Nutrient-restricted fetus and the cardio-renal connection in hypertensive offspring

Jeffrey S. Gilbert, Laura A. Cox, Graham Mitchell, Mark J. Nijland

Research output: Contribution to journalReview article

17 Scopus citations


A suboptimal intrauterine environment has a number of deleterious effects on fetal development and postpartum health outcomes. Epidemiological studies on several human populations have linked socioeconomic status and low birth weight to an increased incidence of diseases such as hypertension, diabetes, obesity and cardiovascular disease. A growing number of experimental studies in a variety of animal models demonstrate that maternal stressors, such as nutrition and reduced uterine perfusion, affect the intrauterine milieu and result in increased blood pressure in offspring. Several mechanisms appear to contribute to hypertension, including vascular dysfunction and increased peripheral resistance, altered cardio-renal structure and alterations in cardio-renal function. Although many studies have characterized models of developmentally generated hypertension, few have begun to seek therapeutic modalities to ameliorate its incidence. This review discusses recent work that refines hypotheses linking a suboptimal intrauterine environment to cardiovascular and renal phenotypes that have increased susceptibility to cardiovascular disease and hypertension.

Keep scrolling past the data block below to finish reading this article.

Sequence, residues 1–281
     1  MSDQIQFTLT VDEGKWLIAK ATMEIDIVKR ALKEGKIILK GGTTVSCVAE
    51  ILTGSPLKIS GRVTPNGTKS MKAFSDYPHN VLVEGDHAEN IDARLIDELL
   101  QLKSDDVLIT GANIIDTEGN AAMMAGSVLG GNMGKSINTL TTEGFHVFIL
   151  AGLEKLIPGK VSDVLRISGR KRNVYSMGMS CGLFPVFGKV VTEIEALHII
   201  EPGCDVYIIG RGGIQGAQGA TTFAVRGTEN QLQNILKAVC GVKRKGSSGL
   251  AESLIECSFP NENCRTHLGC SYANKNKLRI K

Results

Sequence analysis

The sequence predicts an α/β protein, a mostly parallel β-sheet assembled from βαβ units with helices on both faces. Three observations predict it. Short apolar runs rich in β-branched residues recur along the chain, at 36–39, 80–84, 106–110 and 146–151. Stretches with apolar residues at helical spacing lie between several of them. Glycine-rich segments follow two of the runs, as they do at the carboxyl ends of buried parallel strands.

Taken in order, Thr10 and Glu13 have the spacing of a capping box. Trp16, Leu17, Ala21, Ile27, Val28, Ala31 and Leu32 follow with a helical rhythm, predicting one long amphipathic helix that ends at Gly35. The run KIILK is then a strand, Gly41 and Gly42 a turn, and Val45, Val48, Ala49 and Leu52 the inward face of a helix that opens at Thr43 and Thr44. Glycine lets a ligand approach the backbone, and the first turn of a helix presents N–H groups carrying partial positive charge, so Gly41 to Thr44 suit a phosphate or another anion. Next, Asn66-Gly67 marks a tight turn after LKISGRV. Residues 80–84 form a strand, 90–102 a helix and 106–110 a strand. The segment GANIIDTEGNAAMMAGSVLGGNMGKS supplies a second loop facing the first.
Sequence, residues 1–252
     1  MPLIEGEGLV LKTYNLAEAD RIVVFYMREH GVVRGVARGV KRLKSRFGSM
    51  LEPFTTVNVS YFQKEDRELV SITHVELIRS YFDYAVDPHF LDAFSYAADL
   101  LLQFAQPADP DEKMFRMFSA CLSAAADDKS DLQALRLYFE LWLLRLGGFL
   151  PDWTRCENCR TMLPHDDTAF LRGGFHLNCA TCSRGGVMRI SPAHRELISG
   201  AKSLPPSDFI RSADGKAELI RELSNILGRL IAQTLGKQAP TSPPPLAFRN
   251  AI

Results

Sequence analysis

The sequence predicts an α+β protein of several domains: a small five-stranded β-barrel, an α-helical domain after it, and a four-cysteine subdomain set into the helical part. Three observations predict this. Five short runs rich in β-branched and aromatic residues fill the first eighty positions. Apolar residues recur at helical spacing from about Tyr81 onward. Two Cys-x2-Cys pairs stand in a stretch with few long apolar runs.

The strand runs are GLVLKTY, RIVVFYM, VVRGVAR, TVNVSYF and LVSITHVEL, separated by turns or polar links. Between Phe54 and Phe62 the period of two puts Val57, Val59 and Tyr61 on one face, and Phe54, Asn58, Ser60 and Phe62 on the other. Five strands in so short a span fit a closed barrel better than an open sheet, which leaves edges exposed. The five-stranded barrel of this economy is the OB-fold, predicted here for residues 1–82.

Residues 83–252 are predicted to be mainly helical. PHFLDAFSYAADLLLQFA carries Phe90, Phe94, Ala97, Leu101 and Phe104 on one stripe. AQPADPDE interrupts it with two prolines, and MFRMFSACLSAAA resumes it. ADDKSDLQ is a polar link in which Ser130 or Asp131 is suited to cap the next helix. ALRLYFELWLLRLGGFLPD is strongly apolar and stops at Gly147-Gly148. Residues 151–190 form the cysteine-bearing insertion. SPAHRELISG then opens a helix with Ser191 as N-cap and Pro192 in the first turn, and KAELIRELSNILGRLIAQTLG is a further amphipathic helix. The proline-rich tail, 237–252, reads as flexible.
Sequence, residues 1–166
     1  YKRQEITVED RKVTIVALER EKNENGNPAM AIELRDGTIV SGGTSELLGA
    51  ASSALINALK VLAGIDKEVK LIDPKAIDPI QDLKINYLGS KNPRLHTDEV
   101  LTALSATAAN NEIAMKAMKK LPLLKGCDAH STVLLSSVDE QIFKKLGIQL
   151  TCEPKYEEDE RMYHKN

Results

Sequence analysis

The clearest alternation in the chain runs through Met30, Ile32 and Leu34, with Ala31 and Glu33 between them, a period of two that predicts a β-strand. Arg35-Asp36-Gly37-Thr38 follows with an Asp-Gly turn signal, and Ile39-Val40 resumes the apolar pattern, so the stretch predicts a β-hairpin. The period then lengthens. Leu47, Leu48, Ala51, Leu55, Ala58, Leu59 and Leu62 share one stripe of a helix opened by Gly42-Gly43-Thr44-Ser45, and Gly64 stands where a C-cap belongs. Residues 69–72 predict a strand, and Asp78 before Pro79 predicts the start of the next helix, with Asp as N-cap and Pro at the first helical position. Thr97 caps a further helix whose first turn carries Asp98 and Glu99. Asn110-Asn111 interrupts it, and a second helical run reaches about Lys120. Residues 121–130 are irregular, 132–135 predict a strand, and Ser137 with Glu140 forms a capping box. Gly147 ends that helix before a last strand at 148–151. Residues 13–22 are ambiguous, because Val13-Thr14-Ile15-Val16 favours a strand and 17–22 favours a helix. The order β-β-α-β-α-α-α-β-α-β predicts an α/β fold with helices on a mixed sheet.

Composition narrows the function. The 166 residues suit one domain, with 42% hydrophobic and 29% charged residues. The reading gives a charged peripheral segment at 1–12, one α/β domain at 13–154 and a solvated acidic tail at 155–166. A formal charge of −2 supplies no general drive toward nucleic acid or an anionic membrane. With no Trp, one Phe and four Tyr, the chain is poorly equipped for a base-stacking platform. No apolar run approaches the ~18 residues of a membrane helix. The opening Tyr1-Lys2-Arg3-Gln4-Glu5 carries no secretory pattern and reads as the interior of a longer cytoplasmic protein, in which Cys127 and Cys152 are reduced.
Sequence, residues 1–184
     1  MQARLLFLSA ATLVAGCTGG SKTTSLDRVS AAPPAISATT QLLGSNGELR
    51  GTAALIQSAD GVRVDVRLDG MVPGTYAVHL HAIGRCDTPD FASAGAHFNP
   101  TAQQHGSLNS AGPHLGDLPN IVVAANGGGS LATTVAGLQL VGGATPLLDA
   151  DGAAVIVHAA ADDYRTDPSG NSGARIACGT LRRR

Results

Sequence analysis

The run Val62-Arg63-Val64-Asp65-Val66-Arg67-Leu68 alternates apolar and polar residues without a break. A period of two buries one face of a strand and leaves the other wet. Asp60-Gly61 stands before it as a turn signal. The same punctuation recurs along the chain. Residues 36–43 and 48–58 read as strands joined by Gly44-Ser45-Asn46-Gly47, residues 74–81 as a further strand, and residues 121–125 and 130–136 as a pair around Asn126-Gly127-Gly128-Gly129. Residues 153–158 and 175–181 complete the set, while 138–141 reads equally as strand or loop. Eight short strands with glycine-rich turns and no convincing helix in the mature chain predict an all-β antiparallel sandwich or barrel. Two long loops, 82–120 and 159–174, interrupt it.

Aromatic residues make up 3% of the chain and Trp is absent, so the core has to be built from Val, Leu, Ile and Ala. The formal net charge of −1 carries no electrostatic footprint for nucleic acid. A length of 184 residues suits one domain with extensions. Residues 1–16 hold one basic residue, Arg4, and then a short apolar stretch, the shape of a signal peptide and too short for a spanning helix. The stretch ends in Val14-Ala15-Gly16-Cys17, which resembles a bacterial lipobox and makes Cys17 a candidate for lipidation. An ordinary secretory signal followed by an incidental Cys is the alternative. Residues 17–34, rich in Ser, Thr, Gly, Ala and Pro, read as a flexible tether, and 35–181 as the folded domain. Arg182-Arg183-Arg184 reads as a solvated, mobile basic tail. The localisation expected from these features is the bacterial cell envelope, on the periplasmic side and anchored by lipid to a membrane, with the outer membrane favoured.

Original languageEnglish (US)
Pages (from-to)227-238
Number of pages12
JournalExpert Review of Cardiovascular Therapy
Issue number2
StatePublished - Mar 1 2006



  • Angiotensin
  • Blood pressure
  • Fetus
  • Gestation
  • Heart
  • Kidney
  • Nephron number
  • Pregnancy
  • Vascular dysfunction

ASJC Scopus subject areas

  • Internal Medicine
  • Cardiology and Cardiovascular Medicine

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